I was born in New York City but grew up in England, where my first name, Jesse, is given only to girls and can actually be used as a euphemism for wimpy or effeminate. As a result, I was always embarrassed to give my name when asked, and mumbled it under my breath. And then, one summer at sleepaway camp, someone thought I said “Chas,” and I jumped at it. For six glorious weeks I was known as “Chas” instead of “Jessie boy.”
Today, when people ask me what I do, which happens quite frequently in New York, I usually say something like “writer-translator,” because I know that if I said “novelist” they would ask me what I had written, and they would almost certainly never have read any of my books, and that would be embarrassing all around. I flirted for a time with “international civil servant,” but my wife thought it rang falsely humble, and it began sounding oddly aggressive in my mouth, too, like a challenge. When you say “writer-translator” or “translator-writer,” it’s easy to deflect the follow-up question by talking about your translations of twentieth-century French masters or your job at the heart of an international organization that everyone has an opinion about. After that, you can ask them what they do, and with a little deft bobbing and weaving you need never acknowledge that you’ve written five books they’ve never even heard of, let alone read.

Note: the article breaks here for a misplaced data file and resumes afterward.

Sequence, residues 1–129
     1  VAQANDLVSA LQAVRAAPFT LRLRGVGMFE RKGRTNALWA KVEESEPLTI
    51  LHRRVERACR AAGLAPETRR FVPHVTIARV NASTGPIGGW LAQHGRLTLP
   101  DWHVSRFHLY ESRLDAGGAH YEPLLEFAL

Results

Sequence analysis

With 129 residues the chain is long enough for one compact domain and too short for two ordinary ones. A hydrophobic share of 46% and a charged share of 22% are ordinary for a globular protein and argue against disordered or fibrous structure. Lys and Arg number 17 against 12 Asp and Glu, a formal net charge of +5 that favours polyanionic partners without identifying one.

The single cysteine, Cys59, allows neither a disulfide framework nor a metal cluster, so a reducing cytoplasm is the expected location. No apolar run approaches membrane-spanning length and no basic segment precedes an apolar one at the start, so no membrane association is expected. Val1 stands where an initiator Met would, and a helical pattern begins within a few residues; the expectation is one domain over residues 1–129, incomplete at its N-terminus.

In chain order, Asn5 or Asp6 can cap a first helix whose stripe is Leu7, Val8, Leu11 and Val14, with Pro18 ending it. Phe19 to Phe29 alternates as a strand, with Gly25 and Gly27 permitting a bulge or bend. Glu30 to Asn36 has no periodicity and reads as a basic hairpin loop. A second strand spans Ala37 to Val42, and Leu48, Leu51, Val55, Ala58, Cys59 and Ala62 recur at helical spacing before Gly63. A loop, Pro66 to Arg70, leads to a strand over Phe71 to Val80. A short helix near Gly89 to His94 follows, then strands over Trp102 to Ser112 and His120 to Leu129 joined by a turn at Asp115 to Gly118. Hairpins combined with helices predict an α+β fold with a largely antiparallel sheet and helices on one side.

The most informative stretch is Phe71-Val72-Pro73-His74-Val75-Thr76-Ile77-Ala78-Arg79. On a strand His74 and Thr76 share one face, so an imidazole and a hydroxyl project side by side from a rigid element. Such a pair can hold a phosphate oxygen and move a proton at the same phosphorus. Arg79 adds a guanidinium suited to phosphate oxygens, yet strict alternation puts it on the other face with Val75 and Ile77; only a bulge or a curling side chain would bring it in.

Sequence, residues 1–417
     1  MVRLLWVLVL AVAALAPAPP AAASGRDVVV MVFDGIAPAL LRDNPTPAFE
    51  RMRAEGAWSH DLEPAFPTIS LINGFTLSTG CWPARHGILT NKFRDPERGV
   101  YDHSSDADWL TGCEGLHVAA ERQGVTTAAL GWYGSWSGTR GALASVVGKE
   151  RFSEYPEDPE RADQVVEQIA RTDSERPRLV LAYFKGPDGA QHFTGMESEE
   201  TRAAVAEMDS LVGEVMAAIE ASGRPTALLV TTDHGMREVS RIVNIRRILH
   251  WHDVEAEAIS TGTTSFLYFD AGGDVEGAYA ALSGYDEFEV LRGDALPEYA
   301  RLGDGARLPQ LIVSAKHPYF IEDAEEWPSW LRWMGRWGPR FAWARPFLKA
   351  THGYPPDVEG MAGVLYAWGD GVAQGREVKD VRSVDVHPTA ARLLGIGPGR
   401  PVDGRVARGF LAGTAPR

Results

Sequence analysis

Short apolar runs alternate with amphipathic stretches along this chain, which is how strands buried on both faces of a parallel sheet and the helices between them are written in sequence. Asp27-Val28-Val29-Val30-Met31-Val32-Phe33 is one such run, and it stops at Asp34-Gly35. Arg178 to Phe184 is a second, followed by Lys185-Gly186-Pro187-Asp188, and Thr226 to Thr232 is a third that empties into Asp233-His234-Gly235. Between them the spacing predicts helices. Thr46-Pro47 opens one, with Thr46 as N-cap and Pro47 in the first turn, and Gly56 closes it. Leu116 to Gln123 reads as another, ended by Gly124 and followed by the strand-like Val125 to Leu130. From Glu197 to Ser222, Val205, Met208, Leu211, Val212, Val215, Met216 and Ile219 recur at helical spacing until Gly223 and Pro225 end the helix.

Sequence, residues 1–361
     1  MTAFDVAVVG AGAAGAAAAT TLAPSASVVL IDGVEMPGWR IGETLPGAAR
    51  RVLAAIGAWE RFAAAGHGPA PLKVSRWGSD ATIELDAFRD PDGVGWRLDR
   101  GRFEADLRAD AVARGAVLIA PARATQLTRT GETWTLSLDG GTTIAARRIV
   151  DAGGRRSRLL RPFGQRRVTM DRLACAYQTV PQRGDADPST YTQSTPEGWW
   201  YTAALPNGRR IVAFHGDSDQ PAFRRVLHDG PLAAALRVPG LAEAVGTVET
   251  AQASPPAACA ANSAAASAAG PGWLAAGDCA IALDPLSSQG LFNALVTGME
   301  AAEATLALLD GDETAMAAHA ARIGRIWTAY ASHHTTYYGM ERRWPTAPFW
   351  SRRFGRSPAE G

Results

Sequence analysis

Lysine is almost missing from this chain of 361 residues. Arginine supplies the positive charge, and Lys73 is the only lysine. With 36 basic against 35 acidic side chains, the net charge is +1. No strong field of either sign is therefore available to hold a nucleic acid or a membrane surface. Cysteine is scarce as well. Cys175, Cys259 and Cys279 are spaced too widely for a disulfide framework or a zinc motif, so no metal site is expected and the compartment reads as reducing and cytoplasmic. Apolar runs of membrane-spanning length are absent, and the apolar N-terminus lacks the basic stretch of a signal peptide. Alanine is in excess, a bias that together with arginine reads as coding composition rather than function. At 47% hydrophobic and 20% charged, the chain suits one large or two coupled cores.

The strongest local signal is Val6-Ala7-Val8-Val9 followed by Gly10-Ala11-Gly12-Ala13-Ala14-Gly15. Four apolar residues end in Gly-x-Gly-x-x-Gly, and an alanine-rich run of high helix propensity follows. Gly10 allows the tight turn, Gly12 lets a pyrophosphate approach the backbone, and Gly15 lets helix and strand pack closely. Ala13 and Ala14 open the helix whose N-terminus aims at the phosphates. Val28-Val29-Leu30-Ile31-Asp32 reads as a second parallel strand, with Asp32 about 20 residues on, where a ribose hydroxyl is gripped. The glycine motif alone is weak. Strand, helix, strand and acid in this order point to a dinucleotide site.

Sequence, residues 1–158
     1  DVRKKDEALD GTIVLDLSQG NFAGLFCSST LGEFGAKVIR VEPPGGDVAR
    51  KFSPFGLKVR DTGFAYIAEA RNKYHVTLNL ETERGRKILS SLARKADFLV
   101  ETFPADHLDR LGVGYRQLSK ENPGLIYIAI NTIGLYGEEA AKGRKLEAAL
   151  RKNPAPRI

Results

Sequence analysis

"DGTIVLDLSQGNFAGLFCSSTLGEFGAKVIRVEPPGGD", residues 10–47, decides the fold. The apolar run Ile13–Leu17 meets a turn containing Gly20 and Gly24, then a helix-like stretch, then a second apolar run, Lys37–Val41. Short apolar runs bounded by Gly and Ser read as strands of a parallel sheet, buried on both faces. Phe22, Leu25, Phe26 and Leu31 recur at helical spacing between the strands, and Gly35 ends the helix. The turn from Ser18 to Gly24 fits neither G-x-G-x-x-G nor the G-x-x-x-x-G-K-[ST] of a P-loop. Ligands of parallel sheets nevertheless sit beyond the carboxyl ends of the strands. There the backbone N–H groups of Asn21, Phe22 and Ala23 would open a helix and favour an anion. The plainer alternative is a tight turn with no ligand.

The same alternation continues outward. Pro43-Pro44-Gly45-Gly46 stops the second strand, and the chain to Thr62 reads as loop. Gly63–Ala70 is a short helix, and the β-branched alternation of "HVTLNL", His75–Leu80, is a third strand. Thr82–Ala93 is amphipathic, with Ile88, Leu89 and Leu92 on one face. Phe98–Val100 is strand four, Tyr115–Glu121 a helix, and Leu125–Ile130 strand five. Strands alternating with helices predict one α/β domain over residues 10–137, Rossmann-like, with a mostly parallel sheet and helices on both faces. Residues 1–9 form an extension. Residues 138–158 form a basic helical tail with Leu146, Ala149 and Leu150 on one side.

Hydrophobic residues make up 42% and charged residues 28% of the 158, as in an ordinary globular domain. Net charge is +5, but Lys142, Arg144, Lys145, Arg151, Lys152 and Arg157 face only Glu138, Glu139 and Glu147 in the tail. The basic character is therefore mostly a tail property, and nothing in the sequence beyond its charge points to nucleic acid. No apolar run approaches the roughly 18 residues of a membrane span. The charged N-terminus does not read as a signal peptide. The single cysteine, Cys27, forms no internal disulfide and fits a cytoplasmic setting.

My wife doesn’t understand this attitude at all. She’s a high-ranking editor at a major publishing house (which, because of conflict-of-interest issues, is of no help to me) and she knows how hard it is to get any kind of book published, especially in the current market. To her, my writing career has been a demonstrable success despite my inability to make a living at it, because all my books have been published by reputable, even prestigious, houses, and have enjoyed generous critical receptions; and also because, in principle, the financial rewards should be secondary, since I’m not supposed to be in it for the money. My friends, too, profess to admire and envy my publishing record. But being vain and insecure at the same time is like mixing two incompatible drugs, and praise filtered through the resulting haze tends to sound like condescension. I know objectively that they are being truthful and sincere, but no matter what they may say, what I inevitably hear is: “That is such an impressive accomplishment for a civil servant! I do admire a man with a passionate hobby!”